Averaging yields of four tonnes per hectare, oilseed rape has always done well on Mark Stubbs’ 700-hectare arable unit near Louth, Lincolnshire, but since joining ADAS’ Yield Enhancement Network (YEN), he has been able to refine his growing technique.
In his first year entering YEN he enrolled late, applying a PGR to his YEN plot but leaving the rest of the field untreated.
This was his first lesson.
He says: “That particular year I came in 13th place, but if I had submitted the area without a PGR I’d have easily been in the top 10.”
The information he gains from the end of season crop report has allowed him to apply greater attention to detail in growing his crop, which is evident in the awards he’s won since.
In his second year of YEN Mr Stubbs won bronze; a silver award in his third year; and in 2021 he won gold in both best seed yield (gross output) with a 6.7 tonnes/ha crop and best percentage of potential seed yield at 59% of 11.3t/ha.
“It just shows you can keep improving by listening to others,” he says.
Ensure good seed to soil contact
Seeds are drilled at 45-55 seeds/sq.m depending on the drilling date behind a modified Discordon cultivator.
Mr Stubbs says: “We’re always told low disturbance but I’m actually disturbing the soil quite a lot with legs and discs because I want my black-grass to germinate a bit in my OSR.
I find you’ve got the best chemistry to get rid of black-grass in OSR.
I’ve got a packer, so any slots left by the legs are covered and we seed in between and use a double press to press it in and roll straight behind.
That seed to soil contact is really important.”
He will also drill into a dry seedbed, so long as there is rain in the forecast.
He says: “People always think we should go when we’ve got a damp seedbed, which I disagree with to an extent.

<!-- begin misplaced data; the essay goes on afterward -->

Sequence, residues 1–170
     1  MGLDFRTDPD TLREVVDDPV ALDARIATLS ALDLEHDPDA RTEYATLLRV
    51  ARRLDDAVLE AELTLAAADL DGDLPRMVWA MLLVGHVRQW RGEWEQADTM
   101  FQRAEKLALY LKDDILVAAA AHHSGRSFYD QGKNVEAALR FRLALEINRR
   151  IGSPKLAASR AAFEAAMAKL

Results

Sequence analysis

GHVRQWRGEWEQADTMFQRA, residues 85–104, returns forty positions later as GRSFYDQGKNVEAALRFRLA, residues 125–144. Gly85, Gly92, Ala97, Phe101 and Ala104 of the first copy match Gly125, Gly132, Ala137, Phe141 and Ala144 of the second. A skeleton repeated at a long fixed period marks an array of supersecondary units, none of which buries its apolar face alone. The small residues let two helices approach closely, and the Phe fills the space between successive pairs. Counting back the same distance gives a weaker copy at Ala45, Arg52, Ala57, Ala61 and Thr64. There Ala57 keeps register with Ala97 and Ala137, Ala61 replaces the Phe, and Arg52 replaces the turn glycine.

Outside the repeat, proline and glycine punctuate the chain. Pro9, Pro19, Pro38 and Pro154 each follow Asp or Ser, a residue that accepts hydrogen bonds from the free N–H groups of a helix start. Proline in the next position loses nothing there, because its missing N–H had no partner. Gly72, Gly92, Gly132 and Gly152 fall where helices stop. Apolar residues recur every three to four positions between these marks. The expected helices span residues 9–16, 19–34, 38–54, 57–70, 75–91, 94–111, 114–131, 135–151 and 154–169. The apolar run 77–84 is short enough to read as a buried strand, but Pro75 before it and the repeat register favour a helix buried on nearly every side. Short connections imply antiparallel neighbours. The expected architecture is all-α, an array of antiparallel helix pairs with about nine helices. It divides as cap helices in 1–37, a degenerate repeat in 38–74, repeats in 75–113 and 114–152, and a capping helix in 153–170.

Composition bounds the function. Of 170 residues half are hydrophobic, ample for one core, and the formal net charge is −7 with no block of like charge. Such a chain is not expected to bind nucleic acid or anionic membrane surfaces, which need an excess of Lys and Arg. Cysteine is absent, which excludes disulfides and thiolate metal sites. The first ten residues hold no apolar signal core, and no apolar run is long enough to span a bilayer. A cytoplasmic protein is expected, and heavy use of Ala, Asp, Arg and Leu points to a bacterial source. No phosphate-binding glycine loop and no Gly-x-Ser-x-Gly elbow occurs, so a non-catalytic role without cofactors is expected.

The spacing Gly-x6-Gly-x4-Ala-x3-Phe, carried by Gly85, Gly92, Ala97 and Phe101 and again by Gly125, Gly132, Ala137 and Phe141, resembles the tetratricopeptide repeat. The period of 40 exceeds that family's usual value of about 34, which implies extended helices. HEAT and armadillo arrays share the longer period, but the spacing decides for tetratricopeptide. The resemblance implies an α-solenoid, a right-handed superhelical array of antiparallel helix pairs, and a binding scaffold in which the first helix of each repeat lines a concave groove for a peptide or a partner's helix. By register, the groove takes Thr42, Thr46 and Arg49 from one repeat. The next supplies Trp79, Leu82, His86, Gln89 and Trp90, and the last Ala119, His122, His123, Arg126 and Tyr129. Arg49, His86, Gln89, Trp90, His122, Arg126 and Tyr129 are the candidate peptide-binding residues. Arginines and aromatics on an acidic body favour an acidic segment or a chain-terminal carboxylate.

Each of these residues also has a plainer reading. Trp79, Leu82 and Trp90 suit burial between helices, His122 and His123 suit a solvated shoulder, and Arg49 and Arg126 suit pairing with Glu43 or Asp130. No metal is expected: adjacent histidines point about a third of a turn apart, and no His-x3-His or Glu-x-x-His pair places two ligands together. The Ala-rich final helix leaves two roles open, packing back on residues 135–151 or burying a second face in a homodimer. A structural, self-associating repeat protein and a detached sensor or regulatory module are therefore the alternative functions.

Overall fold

Moisture “The machine we use helps to consolidate the moisture so when we go through with it we’re bringing up the moisture that’s there and then pushing it down.
I look for rain afterwards so it is washed in.
If you enter a damp seedbed in August it will dry out and the seed just sits there.
But if you actually get it washed in, the soil can still dry out, but the moisture has gone into the seed straight away.”
He thinks a plant population of 20/sq.m in February should produce a well-yielding crop.
Keep an eye on costs
“People think YEN winners throw everything at the crop but I’ve probably spent less than a lot of other OSR growers,” Mr Stubbs says.
In his YEN crop budget, even hedgecutting is accounted for, ending on a tidy sum of £1,705/ha profit, based on a yield of 4t/ha, sold at £500/t with a £100/t bonus.
He says: “Seed costs are slightly more because I’m using hybrid, but normally I’d go at 45 seeds/sq.m.
This crop I went at 50 seeds/sq.m because it was drilled on September 7.
However, the variety is HOLL so there’s a premium added.”
The main spray costs are herbicides and Mr Stubbs usually applies Centurion Max [clethodim], followed by AstroKerb [aminopyralid + propyzamide] and a desiccant.
This year he applied Belkar [Arylex] in some crops due to the high level of broadleaved weeds.
He adds: “Falcon is usually applied after spring barley or spring oats to take out volunteers, but I don’t usually need it after wheat.”